We were introduced to Vipassana (Insight) meditation in our early days in India. That gave us a taste of that one-pointed focus and showed us how to begin to deal with the constant change in our daily lives. We were no longer so invested in constantly replaying our personal tapes. They get boring after a while. Oh, that one ….
Vipassana is a very intentional program to calm our minds down.
For people to do that in their ordinary lives requires practice but first of all it requires motivation. For most of us the motivation is the distress, the stress and the discomfort that we experience by being dragged around by our minds and emotions and sensations all the time. It’s tiring. In some sense meditation or any practice like that or going on a retreat is giving yourself a spiritual vacation. Literally, it’s vacating.
Pausing our life, going on retreat or taking a meditation vacation is a way of “vacating” our habitual patterns and “monkey minds” for a period of time. In a sense, this is what we are talking about when we use mindfulness to put our mind movie on pause to just be in the moment. Mindfulness provides a path to slowing down our systems enough to be with our senses, be with the phenomena that appear to us, to be with ourselves with awareness. It opens a channel of communication with our deeper selves and allows for the transformation of our neural pathways. It’s a time to relax and make friends with suffering and realize that we are not separate, we’re all in the same boat.
The mind is a wonderful servant but a terrible master.
The initial practice our meditation teacher Goenka gave us was to concentrate on the breath until we got to what they call access concentration. At that point, it’s possible to sustain concentration to do the meditation practice. Essentially you have to you calm your mind enough to begin to go deeper into the meditation practice. Of a ten-day meditation course, the first three days would be that simple breath meditation, which in Vipassana is called Ana-pana, in-breath, out–breath.
Just by itself, that process of slowing yourself down is helpful. And the initial part of a meditation session is always just breathing and quieting. That quieting down process takes it to the point where something else can happen. How long that takes has to do with our relationship with our thoughts. Our monkey mind often catches us by surprise. We think we’re concentrating on our breath and suddenly we’re thinking about whether we took out the garbage yesterday. The meditation time is almost over because you’ve gone off on some long thought train that took you away. Neem Karoli Baba once said, “The mind can travel a million miles in the blink of an eye. Buddha said that.”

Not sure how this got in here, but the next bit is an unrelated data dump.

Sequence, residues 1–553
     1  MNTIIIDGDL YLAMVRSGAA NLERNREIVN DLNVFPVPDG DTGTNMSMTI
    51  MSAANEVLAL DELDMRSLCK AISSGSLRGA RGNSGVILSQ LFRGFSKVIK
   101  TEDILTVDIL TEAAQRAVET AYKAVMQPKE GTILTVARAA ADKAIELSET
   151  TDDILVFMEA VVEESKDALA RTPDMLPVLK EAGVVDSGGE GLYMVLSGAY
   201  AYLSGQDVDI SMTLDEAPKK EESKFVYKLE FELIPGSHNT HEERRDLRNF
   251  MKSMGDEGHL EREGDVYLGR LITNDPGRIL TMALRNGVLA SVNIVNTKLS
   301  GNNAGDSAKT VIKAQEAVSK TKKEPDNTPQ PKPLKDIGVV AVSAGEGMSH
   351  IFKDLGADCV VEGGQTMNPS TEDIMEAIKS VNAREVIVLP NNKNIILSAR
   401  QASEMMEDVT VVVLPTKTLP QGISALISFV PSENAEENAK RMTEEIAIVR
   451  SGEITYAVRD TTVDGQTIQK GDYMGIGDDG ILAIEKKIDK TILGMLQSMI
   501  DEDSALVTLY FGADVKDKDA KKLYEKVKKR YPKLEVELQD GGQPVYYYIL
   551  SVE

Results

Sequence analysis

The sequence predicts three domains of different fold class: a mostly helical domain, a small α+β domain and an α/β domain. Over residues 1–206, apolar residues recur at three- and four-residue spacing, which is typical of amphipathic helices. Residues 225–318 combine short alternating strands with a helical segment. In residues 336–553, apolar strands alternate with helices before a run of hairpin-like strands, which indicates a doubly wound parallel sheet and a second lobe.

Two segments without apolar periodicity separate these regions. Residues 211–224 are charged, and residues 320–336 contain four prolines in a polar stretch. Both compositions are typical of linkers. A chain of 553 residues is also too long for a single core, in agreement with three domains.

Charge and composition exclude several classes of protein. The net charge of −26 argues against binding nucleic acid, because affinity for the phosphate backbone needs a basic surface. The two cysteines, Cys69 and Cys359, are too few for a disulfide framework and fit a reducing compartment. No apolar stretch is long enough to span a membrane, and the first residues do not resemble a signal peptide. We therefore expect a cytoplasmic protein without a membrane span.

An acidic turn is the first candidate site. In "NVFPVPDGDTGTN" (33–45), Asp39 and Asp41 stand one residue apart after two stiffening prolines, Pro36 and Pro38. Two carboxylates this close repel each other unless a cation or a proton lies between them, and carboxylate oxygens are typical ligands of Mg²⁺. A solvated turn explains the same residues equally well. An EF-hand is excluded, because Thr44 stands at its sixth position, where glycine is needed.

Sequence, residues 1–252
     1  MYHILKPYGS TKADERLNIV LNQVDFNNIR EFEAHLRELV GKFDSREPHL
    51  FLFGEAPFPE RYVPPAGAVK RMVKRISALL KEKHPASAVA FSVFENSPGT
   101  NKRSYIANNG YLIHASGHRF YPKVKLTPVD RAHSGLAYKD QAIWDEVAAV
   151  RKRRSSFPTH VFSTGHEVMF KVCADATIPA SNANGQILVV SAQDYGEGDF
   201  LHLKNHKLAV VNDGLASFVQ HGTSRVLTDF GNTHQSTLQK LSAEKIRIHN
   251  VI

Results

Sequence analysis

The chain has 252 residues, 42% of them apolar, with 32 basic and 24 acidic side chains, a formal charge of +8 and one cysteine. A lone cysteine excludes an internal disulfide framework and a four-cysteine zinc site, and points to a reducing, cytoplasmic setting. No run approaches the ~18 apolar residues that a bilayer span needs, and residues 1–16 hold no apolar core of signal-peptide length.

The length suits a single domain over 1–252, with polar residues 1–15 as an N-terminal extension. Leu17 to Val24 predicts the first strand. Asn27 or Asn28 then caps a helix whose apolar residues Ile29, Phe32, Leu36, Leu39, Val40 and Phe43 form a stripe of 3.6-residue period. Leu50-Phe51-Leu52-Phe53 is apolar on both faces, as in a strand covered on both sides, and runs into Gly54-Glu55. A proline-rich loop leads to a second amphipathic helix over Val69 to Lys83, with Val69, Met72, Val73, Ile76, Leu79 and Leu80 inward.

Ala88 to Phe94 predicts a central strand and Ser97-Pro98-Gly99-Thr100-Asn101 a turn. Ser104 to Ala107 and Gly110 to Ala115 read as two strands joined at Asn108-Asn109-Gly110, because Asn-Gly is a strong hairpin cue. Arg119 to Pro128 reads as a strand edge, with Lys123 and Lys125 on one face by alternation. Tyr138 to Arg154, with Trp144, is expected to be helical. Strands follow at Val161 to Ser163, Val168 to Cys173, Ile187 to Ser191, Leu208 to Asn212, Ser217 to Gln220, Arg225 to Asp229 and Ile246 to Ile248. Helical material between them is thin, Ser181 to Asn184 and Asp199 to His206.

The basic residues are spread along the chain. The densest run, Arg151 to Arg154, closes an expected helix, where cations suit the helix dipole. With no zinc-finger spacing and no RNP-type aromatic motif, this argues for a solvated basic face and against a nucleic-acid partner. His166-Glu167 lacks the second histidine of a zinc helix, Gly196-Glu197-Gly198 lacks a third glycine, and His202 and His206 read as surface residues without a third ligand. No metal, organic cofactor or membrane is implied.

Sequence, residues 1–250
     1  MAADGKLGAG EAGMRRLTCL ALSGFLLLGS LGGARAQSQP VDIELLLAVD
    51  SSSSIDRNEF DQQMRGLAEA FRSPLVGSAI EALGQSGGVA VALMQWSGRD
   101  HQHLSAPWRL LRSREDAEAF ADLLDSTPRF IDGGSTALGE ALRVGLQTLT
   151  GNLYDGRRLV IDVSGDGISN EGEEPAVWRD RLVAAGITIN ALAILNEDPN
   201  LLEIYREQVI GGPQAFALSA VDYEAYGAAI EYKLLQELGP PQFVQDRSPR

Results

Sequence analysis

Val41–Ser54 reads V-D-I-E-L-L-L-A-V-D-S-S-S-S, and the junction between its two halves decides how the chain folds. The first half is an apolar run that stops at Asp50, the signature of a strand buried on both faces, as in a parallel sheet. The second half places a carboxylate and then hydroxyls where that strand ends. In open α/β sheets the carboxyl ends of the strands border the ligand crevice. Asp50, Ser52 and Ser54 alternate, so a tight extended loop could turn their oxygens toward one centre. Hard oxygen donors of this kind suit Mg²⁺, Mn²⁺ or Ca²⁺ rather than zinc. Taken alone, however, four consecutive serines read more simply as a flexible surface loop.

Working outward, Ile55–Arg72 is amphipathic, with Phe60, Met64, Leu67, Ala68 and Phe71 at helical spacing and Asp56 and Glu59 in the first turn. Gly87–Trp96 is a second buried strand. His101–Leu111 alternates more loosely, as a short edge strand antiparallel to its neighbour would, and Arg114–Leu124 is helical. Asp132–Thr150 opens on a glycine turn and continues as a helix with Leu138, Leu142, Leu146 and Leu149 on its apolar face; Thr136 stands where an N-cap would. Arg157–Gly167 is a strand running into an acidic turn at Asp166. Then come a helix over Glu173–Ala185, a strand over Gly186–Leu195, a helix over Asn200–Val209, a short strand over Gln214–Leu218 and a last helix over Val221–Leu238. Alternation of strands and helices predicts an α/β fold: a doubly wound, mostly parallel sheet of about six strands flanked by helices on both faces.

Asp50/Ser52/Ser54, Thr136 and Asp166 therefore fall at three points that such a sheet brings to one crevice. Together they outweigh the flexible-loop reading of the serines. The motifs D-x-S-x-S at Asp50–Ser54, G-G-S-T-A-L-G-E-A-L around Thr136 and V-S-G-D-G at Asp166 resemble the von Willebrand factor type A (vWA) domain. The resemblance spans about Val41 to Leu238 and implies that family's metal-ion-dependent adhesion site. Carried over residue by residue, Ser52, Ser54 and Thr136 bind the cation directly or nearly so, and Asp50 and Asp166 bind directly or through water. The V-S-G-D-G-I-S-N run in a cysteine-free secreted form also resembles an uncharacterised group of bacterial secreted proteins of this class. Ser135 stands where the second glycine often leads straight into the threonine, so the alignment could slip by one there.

The many approaches to practicing mindfulness all come down to paying attention, paying attention to whatever action, thought, sensation or the particular emotion passing through awareness. It’s a certain kind of attention, like that of a neutral observer, not judging or holding onto the thought or feeling, just noticing it and letting it go. Loving it helps too.
Moving your attention to the core of the motivation for the action you just took or attention to the simple act of putting food in your mouth or the attention to the act of making love – paying attention in the moment is the core of being mindful.
That possibility of absorption in the moment can happen with the practice of one pointed meditation. The different branches of Buddhism have a whole array of different techniques and ways of looking at meditation, from Tibetan Shamatha to Zen meditation to Southern Buddhist Vipassana in various versions from Thailand, Burma or India. Vipassana was the main technique we used and we found it very effective. Teachers in the West are translating all of these methods into contemporary culture. This is useful and makes it more accessible most of the time, but can also be confusing for a beginner trying to figure out which approach is best.
Mindfulness is one particular form of meditation. Mantra, kirtan, puja, self-inquiry, all work too. Mindfulness is what we trained in during our early days in India using the natural breath to focus and become one pointed.
“I am the breath within the breath” (Kabir)
The breath is a useful point of reference for anyone starting out with meditation. For starters, with few exceptions, if you’re not breathing you’re probably not alive. Breath is a good basic signal that you’re here.